In Photos | In Tawang, Tibet’s Timeless Folk Theatre

Three generations of the Tibetan Monpa tribe in Arunachal Pradesh's Zemithang Valley have come together to revive the dying traditional dance-drama art form of Achelamo Cham.

Please login to bookmark

High up in the eastern Himalayas, in Arunachal Pradesh’s Tawang district, the ancient performance art of Achelamo Cham has been dying a slow death over the last decade or so. Elders of the Zemithang Valley, concerned about losing this traditional dance-drama artform conferred and decided to initiate a revival, with help from across generations. 

Achelamo Cham imparts moral lessons through mythical stories. Only trained men enact the dance and the performance runs the entire length of the day. The troupe is made up of a dozen men, with five to six persons performing at a time. Dressed in ornate costumes and finely carved wooden masks, the dancers murmur chants and move in a circle to the clashing sound of cymbals.

In the past, troupes from Zemithang used to travel all the way to Bhutan, performing at several villages on the way. Each village used to host them for two to three days and the caravan would journey this way for many months. While it may not be possible to replicate those glorious ways of the past, the people of Zemithang are jubilant that at least the bright robes of dancers are back in the valley. Now they hope the younger generation plays their part and the sound of cymbals will continue to echo here for eternity. 

 

In Photos | Cham For The Ages

 

A merry troupe of dancers from Kharman makes their way to Khelengteng village while singing traditional songs. Here they set up camp at the village headman’s house and change costumes to perform before an eager crowd at the village square. Achelamo Cham is performed soon after the festival of Losar in February. It is performed on a rotational basis. So, next year, residents of Kharman will play host to performers from Khelengteng.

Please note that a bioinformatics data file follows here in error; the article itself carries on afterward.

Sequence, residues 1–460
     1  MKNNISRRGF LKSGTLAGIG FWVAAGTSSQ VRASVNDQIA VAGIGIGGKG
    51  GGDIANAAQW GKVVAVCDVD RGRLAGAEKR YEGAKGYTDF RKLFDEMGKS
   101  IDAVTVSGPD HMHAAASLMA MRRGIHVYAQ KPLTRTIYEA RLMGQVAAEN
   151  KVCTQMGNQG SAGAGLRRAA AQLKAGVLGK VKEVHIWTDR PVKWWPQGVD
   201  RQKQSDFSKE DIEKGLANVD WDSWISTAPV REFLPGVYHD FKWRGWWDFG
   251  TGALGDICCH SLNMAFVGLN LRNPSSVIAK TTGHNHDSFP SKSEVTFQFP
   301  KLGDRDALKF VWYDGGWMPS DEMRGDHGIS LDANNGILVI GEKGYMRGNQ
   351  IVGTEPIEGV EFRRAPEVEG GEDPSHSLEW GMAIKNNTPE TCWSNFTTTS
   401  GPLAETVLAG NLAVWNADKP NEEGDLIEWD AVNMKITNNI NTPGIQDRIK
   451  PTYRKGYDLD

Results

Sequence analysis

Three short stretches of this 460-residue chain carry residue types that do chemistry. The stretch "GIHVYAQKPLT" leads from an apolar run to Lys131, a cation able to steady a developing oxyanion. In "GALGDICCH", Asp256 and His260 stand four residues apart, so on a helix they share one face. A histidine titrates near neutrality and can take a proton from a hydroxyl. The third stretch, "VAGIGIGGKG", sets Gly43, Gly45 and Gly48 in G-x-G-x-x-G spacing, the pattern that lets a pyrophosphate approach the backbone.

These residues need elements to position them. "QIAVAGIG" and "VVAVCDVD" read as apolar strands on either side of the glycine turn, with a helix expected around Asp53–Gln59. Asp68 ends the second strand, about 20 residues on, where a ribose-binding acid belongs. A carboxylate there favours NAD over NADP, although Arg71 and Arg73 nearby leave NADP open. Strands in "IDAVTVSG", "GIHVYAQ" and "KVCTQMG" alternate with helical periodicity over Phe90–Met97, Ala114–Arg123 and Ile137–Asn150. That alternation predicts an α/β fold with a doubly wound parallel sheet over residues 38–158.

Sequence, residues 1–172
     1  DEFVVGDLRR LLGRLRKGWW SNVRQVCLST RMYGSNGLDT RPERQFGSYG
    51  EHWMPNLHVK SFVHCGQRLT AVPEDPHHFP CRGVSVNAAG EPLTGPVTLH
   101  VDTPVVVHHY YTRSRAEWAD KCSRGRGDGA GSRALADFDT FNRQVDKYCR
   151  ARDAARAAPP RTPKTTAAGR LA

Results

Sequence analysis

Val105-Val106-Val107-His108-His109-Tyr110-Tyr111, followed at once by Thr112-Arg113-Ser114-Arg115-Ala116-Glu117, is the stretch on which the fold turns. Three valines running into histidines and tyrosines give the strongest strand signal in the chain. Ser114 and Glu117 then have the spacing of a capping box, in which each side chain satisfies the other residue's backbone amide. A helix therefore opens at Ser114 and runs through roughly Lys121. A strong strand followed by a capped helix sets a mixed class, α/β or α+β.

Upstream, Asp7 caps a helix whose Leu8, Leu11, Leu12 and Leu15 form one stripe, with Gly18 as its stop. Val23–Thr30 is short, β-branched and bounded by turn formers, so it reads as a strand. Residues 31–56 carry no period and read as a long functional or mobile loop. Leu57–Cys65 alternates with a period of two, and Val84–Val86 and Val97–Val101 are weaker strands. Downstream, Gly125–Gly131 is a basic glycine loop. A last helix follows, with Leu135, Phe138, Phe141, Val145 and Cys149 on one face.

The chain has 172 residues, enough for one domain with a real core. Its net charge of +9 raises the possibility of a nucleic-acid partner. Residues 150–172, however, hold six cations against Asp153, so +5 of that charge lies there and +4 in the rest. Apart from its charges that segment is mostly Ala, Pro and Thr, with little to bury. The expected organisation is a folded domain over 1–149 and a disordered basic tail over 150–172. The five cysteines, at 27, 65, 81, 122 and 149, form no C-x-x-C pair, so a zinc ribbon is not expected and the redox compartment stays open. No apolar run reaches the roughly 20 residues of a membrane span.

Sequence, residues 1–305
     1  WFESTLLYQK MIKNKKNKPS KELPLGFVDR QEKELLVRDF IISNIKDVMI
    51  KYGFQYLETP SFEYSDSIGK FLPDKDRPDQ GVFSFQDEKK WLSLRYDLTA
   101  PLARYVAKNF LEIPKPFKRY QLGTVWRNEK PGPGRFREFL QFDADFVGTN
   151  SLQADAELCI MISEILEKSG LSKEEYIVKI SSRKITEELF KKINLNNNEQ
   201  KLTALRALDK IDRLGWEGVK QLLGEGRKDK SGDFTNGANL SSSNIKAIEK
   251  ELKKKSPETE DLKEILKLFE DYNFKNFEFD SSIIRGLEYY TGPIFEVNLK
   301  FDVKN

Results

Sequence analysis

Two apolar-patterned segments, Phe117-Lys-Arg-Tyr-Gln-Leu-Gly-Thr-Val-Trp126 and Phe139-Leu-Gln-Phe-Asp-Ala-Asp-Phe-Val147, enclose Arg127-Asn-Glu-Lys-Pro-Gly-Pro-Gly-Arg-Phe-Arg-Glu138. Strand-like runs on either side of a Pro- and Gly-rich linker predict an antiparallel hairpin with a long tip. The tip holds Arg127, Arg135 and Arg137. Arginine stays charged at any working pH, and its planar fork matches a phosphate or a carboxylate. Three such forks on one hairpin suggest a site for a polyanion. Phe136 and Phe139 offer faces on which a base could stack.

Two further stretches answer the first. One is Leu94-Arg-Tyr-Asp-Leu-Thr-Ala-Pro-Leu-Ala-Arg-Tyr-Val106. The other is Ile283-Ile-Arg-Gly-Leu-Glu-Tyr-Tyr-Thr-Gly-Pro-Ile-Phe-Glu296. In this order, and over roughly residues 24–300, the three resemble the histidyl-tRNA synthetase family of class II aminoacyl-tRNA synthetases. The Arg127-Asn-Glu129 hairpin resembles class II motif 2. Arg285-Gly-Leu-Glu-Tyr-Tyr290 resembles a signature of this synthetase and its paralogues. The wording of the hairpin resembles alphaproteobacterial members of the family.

In Photos | Cham For The Ages

 

Training for the Cham starts two months before the actual festival, where the Lopan (teacher) presides over the rehearsals. Like a traditional ceremonial pantomime, it combines singing, dancing and storytelling and is accompanied by sounds of drums and clashing cymbals. What makes it truly special though, is that the performance lasts not just a couple of hours but an entire day. 

 

Also See | A Journey With Tibetan Monks To Pemasiri, Arunachal Pradesh

 

In Photos | In Tawang, Tibet's Timeless Folk Theatre

 

Usually, the whole village turns up to watch the dance. While some grab the front row seats others climb onto sheds or other vantage points. Here, two friends make the most of the break while the dancers take a breather for refreshments.

 

In Photos | Cham For The Ages

 

Masks are of special significance for most Tibetan dance forms. Besides the usual finely carved wooden masks, a special one made from felt and goat’s hair is made for Cham. While traditionally, each village made its own, most now tend to buy one from Tawang town. These masks are believed to drive away evil spirits and bring prosperity to locals. 

 

In Photos | Cham For The Ages

 

The Achelamo Cham is performed to impart important moral lessons through mythical stories. The troupe is made up of a dozen men, with five to six persons performing at a time. Dressed in ornate costumes and finely carved wooden masks, the dancers murmur chants and move in a circle to the clashing sound of cymbals. Usually the show also includes a clown, who makes an appearance to provide comic relief. 

 

In Photos | Cham For The Ages

 

In the past, troupes from Zemithang used to travel all the way to Bhutan, performing at several villages on the way. Each village used to host them for two to three days and the caravan would journey this way for many months. While it may not be possible to replicate those glorious ways of the past, the people of Zemithang are jubilant that at least the bright robes of dancers are back in the valley. Now they hope the younger generation plays their part and the sound of cymbals will continue to echo here for eternity. 

 

Also Read | New Treasures at a Festival in Arunachal Pradesh

 

To read more stories on travel, cities, food, nature, and adventure, head to our web forum here or our new National Geographic Traveller India app here.

A D V E R T I S E M E N T

A D V E R T I S E M E N T

A D V E R T I S E M E N T

  • Mayank Soni is a travel and documentary photographer with a keen interest in tribal culture. He loves places one can explore on foot. When not actually in the field, he annoys librarians with his ever-increasing list of research books.

COMMENTS

Please Login to comment
YOU MAY ALSO LIKE